Post your essay. Get expert feedback. For free.We're trying to help students improve their writing the hard way. Do you know students who want critical essay reviews from a professor of English Literature? Click like to share. Click here to sign up and post your own essay. We offer no paid services. All reviews are completely free.
Educational Institutions Should Dissuade Students From Pursuing Fields Of Study In Which They Are Unlikely To Succeed - With A Free Essay Review
Instructions: “Write a response in which you discuss the extent to which you agree or disagree with the claim. In developing and supporting your position, be sure to address the most compelling reasons and/or examples that could be used to challenge your position.”
Education is important to the society and all people, and educational institutions play a role in helping students to prepare for various professions, and helping them succeed. However, it is a controversial issue whether educational institutions should dissuade students from pursuing fields of study in which they are unlikely to succeed. I disagree that educational institutions should dissuade students from pursuing fields of study in which they are unlikely to succeed for following reasons.
First of all, how to define the term ”success”? Does success mean that a person can make a lot of money or has a prestigious job? Or does that mean a person likes his job, enjoys his life, and contributes to the society? Inevitably, the way educational institutions may define “success” may deviate from students’ perspectives. Then, it is inappropriate for educational institutions to dissuade students from pursuing field of study if they evaluate success in different ways. In addition, it is a student’s right to decide what he wants to do, and what kind of success the student wants to achieve.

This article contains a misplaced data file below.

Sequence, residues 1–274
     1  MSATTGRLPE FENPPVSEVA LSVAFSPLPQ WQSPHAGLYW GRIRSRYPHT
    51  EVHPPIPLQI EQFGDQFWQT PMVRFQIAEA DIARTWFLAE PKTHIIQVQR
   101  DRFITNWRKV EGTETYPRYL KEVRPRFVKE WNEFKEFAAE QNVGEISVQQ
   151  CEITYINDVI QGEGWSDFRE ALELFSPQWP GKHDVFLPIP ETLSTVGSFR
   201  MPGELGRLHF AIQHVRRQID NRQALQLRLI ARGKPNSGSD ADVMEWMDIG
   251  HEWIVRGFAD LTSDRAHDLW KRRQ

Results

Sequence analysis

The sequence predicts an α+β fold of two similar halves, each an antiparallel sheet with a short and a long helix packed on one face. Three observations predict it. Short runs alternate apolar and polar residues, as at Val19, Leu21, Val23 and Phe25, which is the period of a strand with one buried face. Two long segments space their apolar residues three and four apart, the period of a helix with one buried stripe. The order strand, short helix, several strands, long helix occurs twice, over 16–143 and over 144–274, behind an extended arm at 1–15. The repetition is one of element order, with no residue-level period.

Moreover, how can we ensure that educational institutions can make wise decisions for all students, and on what standard they are based? It is possible that educational institutions may make their decision based on students’ talents. For example they may dissuade students who are not good at math away from some scientific or engineering fields. This may sound logical, but if this is the case, then educational institutions might have made a lot of mistakes. An educational institution might not suggest Helen Keller, a blind, mute, and deaf student to study literature or an educational profession. If an educational institution dissuades students from pursuing fields of study they do not think students can succeed in, then who can believe that Einstein, who was not able to speak at his early age, would be a world known physicist?
It is true that sometimes educational institutions can help students make decisions when students themselves are undetermined and want some advice. For instance, if there’s a student who is not good at math and does have a clear interest, then it may be helpful for the student that the school can direct him to drawing if they find out that student is good as drawing. However, if students have their interests but may not be very talented, should education institutions tell these students to change their minds? Even if this might be a reasonable suggestion, does this hurt students’ feelings? For instance, a student who is not good at math, and struggles in math courses, but really want to be a math teacher, and the school tells him to give up, because he is not likely to succeed. This can really hurt the student’s feeling.